Licensed title insurance agents perform various duties relating to the closing of a real estate transaction, such as countersigning title commitment policies, preparing title reports and handling the escrow process. In Florida, legal residents over the age of 18 can apply for a title insurance license through the Florida Department of Financial Services.
Read More: How to Become a Licensed Title Agent
Meet the Qualifying Criteria
Not everyone can apply for a Florida title insurance license. You must be:
- over the age of 18
- a U.S. citizen or a legal alien with a work authorization from the U.S. Immigration and Naturalization Services; and
- a resident of the state of Florida
Licensed attorneys in Florida who are in good standing with the Florida Bar are exempt from having to obtain a title insurance license.
Apply for a License
Apply for a license online by visiting the website of the Florida Division of Financial Services, insurance agent and agency services division. Follow the instructions on screen to create an account. The system will guide you through the application process.
Fingerprinting is a mandatory requirement to obtain a Florida title insurance license. The state outsources fingerprinting services to its vendor, Morpho Trust USA. You must be fingerprinted through this company or your application will be denied. Visit Morpho Trust's website to register and pay the fee for fingerprinting. After payment, you'll be given a list of locations where you can submit your fingerprints electronically.
Submit a Letter of Clearance
If you're licensed in another state or have been licensed at some time within the past three years, you'll need to submit an original letter of clearance from the licensing authority of your home state. This letter should state that you were formerly licensed to act as a resident title insurance agent and confirm whether you have ever had a license denied, suspended or revoked.
Complete Mandatory Training
To qualify for a Florida title insurance license, you must successfully complete 40 hours of state-approved classroom training within four years of submitting your application. Find a course at the Florida Division of Financial Services website.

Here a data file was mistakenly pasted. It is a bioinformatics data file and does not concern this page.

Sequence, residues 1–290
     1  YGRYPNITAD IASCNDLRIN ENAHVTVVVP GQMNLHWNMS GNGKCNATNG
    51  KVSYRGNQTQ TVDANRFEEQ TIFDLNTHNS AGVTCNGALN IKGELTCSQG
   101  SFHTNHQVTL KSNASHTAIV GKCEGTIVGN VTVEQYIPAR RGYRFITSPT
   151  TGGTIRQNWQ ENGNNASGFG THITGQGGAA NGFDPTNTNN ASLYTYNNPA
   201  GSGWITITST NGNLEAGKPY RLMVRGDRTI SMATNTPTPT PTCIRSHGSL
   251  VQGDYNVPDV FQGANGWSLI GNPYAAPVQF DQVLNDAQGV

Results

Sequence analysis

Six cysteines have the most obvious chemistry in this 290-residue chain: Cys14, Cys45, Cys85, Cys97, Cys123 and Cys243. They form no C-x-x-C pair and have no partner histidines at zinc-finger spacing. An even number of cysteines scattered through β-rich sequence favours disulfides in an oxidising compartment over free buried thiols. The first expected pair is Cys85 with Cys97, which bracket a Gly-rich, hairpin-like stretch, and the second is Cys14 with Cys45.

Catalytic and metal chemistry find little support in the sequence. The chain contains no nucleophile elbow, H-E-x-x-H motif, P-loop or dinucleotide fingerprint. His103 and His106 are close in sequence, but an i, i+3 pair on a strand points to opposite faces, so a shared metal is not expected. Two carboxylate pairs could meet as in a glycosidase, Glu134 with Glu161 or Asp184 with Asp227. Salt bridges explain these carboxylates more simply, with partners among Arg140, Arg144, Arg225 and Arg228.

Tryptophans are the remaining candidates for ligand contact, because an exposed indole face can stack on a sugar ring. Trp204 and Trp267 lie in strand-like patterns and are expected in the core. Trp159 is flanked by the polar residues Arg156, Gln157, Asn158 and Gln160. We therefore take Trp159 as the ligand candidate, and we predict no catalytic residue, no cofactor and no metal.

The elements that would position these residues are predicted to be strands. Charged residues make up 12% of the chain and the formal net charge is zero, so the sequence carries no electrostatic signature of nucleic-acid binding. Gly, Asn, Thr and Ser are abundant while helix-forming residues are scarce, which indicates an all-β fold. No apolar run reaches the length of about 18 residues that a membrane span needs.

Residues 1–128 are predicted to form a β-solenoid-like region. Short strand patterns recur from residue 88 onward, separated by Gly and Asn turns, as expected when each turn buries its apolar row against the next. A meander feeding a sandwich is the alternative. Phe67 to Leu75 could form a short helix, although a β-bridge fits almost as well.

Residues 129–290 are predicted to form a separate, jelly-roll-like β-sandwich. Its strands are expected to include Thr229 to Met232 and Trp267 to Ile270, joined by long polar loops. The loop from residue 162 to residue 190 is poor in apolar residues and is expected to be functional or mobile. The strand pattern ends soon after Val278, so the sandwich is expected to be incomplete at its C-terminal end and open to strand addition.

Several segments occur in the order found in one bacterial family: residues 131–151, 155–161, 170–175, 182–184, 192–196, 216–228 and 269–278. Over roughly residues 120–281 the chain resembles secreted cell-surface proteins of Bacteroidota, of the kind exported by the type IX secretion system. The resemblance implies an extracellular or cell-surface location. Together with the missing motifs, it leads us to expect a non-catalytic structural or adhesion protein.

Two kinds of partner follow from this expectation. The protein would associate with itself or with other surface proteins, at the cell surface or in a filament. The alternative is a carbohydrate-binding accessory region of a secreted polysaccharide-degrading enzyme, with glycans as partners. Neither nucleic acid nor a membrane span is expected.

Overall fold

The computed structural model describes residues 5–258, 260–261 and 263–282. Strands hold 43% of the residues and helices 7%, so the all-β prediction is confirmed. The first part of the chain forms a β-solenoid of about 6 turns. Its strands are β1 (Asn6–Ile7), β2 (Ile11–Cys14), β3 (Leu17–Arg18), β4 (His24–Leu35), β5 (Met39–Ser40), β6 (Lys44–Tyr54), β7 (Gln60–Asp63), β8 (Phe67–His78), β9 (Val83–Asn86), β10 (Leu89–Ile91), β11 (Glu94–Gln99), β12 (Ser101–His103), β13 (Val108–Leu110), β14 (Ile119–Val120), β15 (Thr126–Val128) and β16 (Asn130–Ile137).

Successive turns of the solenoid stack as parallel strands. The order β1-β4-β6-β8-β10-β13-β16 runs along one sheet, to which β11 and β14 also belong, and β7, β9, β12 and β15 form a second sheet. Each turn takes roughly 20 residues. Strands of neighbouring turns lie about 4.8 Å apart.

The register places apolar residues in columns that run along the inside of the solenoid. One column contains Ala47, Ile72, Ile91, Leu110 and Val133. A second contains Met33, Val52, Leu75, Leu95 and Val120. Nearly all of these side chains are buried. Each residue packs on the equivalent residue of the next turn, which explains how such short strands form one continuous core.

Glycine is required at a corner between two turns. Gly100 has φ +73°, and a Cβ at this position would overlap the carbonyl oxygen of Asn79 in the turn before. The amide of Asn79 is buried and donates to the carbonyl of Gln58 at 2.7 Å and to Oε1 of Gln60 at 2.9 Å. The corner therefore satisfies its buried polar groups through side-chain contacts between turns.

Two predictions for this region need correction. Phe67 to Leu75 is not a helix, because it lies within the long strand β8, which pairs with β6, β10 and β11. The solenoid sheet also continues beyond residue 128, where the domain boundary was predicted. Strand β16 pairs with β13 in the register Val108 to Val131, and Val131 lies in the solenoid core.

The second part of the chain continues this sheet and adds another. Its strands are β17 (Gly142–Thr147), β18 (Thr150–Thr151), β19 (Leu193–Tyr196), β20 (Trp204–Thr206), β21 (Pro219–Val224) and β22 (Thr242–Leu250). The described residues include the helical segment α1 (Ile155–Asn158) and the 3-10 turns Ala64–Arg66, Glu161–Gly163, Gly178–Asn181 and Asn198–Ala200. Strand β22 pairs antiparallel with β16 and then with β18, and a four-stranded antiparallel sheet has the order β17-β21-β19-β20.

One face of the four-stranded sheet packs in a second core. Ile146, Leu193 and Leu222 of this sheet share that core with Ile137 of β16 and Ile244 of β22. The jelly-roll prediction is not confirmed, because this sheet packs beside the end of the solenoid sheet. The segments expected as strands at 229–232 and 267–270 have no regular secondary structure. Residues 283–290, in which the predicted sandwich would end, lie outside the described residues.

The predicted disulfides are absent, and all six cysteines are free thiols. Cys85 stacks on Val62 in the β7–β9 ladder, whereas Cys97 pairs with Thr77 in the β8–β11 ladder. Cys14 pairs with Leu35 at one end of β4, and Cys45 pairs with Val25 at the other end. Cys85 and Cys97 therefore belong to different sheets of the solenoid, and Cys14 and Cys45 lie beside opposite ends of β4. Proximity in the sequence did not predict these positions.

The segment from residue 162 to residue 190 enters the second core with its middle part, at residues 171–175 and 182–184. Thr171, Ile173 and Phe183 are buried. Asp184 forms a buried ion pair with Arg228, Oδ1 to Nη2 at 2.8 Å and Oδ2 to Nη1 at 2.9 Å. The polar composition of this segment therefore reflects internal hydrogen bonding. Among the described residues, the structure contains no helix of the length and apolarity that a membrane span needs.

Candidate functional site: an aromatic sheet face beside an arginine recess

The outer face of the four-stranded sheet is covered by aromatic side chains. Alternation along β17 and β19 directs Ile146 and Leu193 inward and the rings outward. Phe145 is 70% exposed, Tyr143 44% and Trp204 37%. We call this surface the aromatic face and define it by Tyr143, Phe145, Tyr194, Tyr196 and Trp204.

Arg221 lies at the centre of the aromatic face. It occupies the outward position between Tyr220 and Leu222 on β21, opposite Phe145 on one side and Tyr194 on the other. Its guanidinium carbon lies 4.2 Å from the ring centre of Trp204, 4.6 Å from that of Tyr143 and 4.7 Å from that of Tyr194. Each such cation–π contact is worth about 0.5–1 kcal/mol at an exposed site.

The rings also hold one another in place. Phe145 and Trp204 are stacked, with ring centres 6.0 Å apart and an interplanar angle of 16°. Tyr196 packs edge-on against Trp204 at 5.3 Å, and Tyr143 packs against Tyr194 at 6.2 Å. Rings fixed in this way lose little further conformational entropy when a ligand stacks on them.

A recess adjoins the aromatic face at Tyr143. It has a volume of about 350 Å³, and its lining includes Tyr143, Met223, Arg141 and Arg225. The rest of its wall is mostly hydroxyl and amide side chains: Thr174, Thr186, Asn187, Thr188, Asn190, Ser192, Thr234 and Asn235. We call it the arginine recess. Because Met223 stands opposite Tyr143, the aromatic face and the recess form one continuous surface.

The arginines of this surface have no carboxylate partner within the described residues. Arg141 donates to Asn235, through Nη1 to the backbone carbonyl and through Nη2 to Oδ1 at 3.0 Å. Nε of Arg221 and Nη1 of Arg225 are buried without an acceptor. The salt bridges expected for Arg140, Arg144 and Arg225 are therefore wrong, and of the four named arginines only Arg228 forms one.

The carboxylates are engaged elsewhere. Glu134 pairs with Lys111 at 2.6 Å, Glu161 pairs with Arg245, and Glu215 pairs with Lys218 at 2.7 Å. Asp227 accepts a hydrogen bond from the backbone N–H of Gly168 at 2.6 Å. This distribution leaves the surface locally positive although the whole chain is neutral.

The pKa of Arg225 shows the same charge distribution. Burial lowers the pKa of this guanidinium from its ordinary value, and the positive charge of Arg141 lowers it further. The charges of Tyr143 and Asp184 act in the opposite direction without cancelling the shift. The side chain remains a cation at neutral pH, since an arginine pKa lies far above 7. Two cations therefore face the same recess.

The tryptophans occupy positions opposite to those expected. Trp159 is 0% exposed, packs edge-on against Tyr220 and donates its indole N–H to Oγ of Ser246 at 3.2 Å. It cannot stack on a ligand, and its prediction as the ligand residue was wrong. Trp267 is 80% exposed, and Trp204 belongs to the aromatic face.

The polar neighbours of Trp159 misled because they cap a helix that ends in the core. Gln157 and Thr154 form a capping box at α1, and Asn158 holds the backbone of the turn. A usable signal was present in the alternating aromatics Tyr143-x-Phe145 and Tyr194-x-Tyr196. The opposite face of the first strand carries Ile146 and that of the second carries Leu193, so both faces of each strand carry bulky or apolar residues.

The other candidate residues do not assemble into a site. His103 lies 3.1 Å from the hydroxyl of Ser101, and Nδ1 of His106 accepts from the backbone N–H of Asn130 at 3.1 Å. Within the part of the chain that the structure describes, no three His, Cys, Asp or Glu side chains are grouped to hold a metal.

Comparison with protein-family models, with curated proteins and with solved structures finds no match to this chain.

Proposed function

Alternatively, you can bypass the training requirement by showing that you have at least one year of responsible title duties, such as closing, title examination and policy issuance while working for an attorney, a title agency or a title insurer within the past four years. This information must be verified by your current or former employer.
Pass the Examination
All applicants are required to pass the Florida state title insurance exam. The state's testing vendor, Pearson Vue, organizes the examinations. You'll find the candidate handbook, details of the exam content and a list of local test centers on the Pearson Vue website. A passing score is valid for one year. If you don't complete your license application within this time frame, you'll have to retake the exam.
Print Your License
Once you have completed these steps, check the status of your application by visiting your account profile page. The Department of Financial Services will send your license approval by email as soon as it receives a passing examination result from the testing vendor. You can print this out from your profile page.
Read More: What is Lender's Title Insurance?
- Florida Department of Financial Services: Resident Title Insurance Agent
- Florida Department of Financial Services: Fingerprinting Information
- Florida Department of Financial Services: General License Examination Information
- Legal Beagle: What is Lender's Title Insurance?
- Legal Beagle: What is Title Insurance?
- Legal Beagle: How to Become a Licensed Title Agent
- Legal Beagle: How to Obtain a Fingerprint Criminal Background Check
- The Department of Financial Services can deny any applicant who has a criminal history.
Jayne Thompson earned an LL.B. in Law and Business Administration from the University of Birmingham and an LL.M. in International Law from the University of East London. She practiced in various “Big Law” firms before launching a career as a commercial writer. Her work has appeared on numerous legal blogs including Quittance, Upcounsel and Medical Negligence Experts.